One little word can change everything; it can mean the difference between right and wrong, force obligation onto someone and permanently alter the course of their life. Saying Yes or No brings clarity, an unambiguous message to proceed or not based on a mutual understanding of the expectations or consequences that follow. But life if rarely so straightforward and on the issue of sexual consent, can what happens in the heat of the moment between two people ever be entirely divorced from a wider set of circumstances that put them in that place at that moment. And what if the language they use is a little fuzzier, what does it mean for consent if the word they use is not “no” but “actually?”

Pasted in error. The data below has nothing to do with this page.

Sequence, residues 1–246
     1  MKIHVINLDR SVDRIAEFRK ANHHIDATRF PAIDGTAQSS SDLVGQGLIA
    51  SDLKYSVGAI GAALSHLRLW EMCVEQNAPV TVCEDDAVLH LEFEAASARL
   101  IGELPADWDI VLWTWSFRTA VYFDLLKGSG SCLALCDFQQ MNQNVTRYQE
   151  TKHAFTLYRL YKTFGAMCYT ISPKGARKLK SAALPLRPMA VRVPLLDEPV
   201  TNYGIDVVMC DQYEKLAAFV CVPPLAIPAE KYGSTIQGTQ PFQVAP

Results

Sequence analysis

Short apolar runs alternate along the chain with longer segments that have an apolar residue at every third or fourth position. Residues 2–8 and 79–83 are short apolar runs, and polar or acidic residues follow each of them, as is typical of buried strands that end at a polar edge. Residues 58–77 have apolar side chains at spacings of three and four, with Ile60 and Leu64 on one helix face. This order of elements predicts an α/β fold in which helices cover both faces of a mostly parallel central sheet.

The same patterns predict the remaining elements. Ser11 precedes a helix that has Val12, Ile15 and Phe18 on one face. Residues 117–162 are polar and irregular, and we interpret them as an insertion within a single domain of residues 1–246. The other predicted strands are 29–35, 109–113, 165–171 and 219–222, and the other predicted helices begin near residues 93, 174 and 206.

Anna Ziegler’s play makes its European debut at the Trafalgar Studios, examining the various problems in distilling the events of a single drunken night between Amber and Tom during their first term at Ivy League university Princeton. While their narrative is partially driven by whether Amber agreed to have sex with Tom, Ziegler’s focus is two-fold, considering the backgrounds, characters, peer pressure and expectations placed on both freshmen while asking whether the formal and overly simplistic means of redress helps the victim or the accused.